Sadly, always-online gaming looks set to be the future. The sales performances of always-online games have not been disappointing, with Diablo 3 and SimCity as fine examples. Also, the sales of single-player only games have been a mixed bag. While Skyrim continues to enjoy a wide fan-base, Square Enix has experienced poor sales from Sleeping Dogs, Hitman Resolution and Tomb Raider. Although the games listed here may have succeeded/failed to reasons unrelated to online-DRM, sales figures do not suggest that having always-online will damage profits as long as mass appeal is maintained.

And again, corporations make decisions that ensure cashflow. The always-online feature would allow them to obtain a captive audience, who would be ripe to purchasing for digital services you provide exclusively through your distribution system. Also, as long as the Xbox 720 has strong video game releases and capable hardware, it is hard to see it failing just due to its internet connection requirement. (at least Microsoft won't be getting my money)

Did Microsoft wisely decide on an always-online Xbox 720? Or are we on the cusp of an event where offline gaming would prevail? Or would we see a bifurcation of the gaming audience into the online/offline groups?

Time will tell.


  1. Wow, I read your previous post and it seems like in conjunction to that, this doom and gloom of corporation killing the common man is tragic. Sad to say, this is a reality. The populace must boycott or take action for this companies to change their policies or at the very least do something to satisfy their fanbase and community. With respect to Disney, they really should take up the mantle of completing this projects but I am assuming this would not be the case as they have relieved the LucasArt team.

  2. LucasArt demise is the fact that they have not been viably lucrative. I guess we must understand that this corporate decisions are made through much analysis and profit potential of the company. Not to sound harsh, but if companies were to always cater to the "fans", it would not guarantee that they would be sustainable and profitable.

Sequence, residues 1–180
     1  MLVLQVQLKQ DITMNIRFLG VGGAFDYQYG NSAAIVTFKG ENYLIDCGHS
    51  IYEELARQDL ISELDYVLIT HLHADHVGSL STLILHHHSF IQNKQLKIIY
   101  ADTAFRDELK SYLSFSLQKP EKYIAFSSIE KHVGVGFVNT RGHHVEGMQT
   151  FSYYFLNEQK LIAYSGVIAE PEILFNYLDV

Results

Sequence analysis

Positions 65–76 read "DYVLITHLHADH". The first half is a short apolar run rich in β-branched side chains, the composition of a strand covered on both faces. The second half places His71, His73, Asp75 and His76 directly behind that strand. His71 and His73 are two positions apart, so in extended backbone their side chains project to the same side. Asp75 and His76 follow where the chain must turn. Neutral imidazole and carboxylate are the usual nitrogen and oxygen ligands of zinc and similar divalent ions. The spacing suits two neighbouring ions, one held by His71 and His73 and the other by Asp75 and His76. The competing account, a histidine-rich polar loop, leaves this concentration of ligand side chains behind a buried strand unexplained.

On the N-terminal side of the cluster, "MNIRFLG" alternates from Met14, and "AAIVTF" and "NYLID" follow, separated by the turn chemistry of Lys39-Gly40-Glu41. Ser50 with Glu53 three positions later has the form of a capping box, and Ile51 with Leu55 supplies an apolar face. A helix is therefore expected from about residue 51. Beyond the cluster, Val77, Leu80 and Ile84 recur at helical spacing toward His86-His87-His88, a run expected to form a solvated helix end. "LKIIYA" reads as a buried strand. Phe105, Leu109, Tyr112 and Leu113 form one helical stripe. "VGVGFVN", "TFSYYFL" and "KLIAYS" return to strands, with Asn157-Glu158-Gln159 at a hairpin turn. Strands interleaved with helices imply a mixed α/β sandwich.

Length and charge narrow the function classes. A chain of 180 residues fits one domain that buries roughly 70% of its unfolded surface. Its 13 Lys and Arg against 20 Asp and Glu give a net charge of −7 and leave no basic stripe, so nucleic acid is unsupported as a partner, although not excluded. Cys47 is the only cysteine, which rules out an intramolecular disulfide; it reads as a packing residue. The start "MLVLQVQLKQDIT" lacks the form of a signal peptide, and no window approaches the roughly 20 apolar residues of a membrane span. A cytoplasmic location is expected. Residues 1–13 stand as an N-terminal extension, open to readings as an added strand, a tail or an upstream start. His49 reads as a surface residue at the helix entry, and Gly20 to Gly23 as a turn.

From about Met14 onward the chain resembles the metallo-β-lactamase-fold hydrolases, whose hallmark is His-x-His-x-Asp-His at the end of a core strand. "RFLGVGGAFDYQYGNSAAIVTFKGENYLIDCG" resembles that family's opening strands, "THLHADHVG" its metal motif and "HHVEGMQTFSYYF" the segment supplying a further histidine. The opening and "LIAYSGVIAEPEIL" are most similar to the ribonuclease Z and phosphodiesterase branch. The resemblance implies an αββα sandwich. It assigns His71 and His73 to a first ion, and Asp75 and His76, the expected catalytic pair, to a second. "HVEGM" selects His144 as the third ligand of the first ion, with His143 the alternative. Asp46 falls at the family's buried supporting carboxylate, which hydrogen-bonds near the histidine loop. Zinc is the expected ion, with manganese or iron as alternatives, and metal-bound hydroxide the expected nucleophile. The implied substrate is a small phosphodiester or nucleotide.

3. As far as we all know, there are two very general archetypes corporations catering to the consumer entertainment business. 1. are the companies that listen to the fans of their products and try their best to cater to the fans and community in the most economically profitable way. No. 2 are the companies who do whatever is necessary to sustain or increase profits. Regardless, of what type though, as long as the consumer base keeps sustaining whichever type company, their corporate decisions will continue to steer in that direction as the results show that they are doing it right. As long as we choose to be powerless in making our decisions in accommodating to ruthless tactics by horrid companies, we will have to reap the consequences.

    While it may sound jarring to many, deal with it. If you can't deal with it, then as a community, we must take action and may our action be significant to make corporate profit mongers think twice before they decide on doing things that could hurt the community. In the end, there is a truth to the saying "Victors set what the truth of history would be"

    There are som many great gaming companies like Micropose, Westwood, SSI and now Lucasart that have vanished across the decade or so. We will remember their hits. But even if ppl recognize them for other traits like doing it for the fans, the truth remains that they are gone. Some probably have failed. So unless we are the mgmt of these corporate companies and have an in-depth view of what is going on internally in terms of the company's situation. It is hard to tell truly whether theya re making really bad decisions. Of course, if a company is painfully obvious in scathing their fanbase and community with their tactics, action must be taken. But if there is no action, then there is no check on them. Consequentially, it gives them no reason to not do whatever they want.

    This is by far the longest comment I have posted but I feel it is something necessary to point out.

  4. When you really put yourself int he shoes of Disney, I guess in some way I can understand their decision based on what Josh said in his article. It is a very good point that you have mentioned, Shen.